To make it easier to browse through the visualisations example, you can display the most popular visual types - such as bar charts, scatterplots and maps - available on the website.
In all three views, you can click on a visual type to view a gallery of visualisations using that type.
If you have selected any visual type, they will appear as a list in the right-hand navigation menu on the Gallery page. Each visual type may have a number of icons next to them, as follows:
Click this icon to remove the visual type from the filter
Click this icon to view notes on benefits and possible pitfalls for this visual type
Click this icon to view notes on how to create this type of visualisation
"Step-by-step" help on choosing a visualisation
As the suitability of a visualisation depends to a large extent on the nature of the data being presented, we offer a step-by-step guide to selecting visualisations to help focus on certain examples. This guide is based on a number of common research questions that one should be thinking about before deciding how to present data visually.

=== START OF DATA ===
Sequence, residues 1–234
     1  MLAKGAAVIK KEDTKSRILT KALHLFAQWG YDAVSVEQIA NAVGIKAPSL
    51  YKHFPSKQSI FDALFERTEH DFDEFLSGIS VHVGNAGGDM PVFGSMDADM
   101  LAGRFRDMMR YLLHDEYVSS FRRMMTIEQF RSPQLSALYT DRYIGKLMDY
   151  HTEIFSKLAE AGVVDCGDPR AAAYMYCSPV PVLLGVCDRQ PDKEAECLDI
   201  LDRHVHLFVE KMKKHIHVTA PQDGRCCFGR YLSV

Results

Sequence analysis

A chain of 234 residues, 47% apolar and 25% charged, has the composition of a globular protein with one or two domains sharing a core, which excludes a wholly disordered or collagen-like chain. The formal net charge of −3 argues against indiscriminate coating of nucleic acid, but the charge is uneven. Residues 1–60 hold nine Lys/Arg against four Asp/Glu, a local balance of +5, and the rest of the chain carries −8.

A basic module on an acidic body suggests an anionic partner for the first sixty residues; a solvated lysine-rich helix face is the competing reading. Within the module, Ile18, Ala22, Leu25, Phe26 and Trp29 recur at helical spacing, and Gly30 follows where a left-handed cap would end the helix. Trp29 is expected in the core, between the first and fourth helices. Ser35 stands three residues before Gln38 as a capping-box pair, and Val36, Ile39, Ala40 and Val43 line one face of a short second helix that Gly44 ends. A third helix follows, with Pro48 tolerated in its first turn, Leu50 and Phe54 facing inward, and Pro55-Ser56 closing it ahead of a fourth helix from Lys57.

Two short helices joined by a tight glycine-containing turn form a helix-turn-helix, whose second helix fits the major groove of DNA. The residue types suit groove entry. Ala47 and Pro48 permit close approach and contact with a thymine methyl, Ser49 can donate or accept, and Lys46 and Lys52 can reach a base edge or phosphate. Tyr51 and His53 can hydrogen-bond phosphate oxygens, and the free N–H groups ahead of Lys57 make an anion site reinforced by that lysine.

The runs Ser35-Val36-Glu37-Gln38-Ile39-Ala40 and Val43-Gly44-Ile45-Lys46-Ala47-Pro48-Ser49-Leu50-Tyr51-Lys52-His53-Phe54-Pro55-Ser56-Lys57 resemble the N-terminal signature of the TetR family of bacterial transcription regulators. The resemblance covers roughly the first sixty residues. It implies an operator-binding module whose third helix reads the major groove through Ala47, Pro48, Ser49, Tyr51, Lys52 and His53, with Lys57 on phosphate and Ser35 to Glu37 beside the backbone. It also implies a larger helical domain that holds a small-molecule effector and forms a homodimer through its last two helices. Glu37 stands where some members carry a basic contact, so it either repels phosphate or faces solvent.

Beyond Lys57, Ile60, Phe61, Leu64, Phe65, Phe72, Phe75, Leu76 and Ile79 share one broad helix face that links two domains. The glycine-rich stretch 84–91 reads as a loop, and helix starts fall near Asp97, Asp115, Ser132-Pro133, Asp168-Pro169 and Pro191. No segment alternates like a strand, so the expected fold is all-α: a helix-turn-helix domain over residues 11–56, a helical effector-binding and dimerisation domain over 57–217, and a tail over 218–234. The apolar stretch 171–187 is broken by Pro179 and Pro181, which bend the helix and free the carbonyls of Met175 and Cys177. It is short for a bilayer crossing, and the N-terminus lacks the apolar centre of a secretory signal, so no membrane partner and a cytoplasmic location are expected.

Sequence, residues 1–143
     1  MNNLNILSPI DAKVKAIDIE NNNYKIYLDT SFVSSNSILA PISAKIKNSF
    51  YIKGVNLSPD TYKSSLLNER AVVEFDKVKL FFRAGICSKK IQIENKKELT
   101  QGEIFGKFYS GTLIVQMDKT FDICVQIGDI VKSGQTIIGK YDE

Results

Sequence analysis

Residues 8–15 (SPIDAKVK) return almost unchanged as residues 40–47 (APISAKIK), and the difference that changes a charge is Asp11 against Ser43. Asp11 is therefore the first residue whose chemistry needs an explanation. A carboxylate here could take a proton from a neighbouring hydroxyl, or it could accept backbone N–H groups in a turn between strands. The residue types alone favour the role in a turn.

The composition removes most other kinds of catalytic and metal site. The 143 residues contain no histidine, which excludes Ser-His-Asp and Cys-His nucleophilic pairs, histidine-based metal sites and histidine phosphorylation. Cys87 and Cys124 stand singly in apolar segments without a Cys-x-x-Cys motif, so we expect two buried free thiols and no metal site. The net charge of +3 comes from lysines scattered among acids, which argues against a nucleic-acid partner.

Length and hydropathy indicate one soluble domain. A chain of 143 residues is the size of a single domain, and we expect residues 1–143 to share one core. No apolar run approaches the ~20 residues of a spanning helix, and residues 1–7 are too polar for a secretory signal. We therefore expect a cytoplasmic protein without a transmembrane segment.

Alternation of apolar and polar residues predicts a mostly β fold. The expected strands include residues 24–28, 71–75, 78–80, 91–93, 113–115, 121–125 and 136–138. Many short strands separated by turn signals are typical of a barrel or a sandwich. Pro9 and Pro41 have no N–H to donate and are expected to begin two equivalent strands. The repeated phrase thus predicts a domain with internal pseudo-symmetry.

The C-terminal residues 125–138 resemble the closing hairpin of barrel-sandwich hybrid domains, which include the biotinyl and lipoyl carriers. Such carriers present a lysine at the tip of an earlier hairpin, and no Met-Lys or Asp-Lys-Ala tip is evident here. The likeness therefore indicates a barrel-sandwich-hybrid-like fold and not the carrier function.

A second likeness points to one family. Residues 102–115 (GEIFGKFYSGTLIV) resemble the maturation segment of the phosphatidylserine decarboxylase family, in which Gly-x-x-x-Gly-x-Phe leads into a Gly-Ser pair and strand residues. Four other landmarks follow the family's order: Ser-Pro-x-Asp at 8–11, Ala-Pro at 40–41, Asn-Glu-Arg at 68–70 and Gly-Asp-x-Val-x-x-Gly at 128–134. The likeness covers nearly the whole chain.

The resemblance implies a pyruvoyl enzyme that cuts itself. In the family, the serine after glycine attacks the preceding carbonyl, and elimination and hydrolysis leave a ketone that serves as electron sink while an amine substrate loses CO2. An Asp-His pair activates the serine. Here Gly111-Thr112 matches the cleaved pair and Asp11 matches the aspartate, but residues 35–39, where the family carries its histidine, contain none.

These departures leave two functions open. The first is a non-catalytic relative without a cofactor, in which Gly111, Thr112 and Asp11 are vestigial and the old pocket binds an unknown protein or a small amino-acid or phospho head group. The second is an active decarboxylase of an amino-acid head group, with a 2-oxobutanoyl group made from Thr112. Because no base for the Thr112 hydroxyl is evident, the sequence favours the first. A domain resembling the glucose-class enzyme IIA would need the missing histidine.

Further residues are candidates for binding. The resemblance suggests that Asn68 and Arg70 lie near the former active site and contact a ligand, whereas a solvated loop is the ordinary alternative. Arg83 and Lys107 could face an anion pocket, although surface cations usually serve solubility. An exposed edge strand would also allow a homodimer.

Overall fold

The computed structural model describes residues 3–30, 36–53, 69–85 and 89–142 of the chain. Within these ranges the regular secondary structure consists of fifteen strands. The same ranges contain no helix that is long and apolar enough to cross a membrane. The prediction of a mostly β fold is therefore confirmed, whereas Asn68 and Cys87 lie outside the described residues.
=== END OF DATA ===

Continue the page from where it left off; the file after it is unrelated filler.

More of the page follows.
There are three steps in the guide, and any of these may be left undecided. The more selective you are, though, the more focused the selection of visualisations will be as a result. The three steps are as follows:
- Broad theme - what are you trying to achieve by visualising your data? For example, are you
trying to understand what you need to do, or trying to report performance? Or are you simply trying to
explore and understand the data that you have?
You can, if needed, select all themes, but this will make the next step more complicated.
Note that you can also skip the theme and question altogether, and simply choose a level of expertise as per below.
- What question are you asking within that theme? These are common questions that researchers often want to
answer, such as "How are things changing over time?". These are listed along with some more specific sample questions to
help you select the question which is most appropriate for you.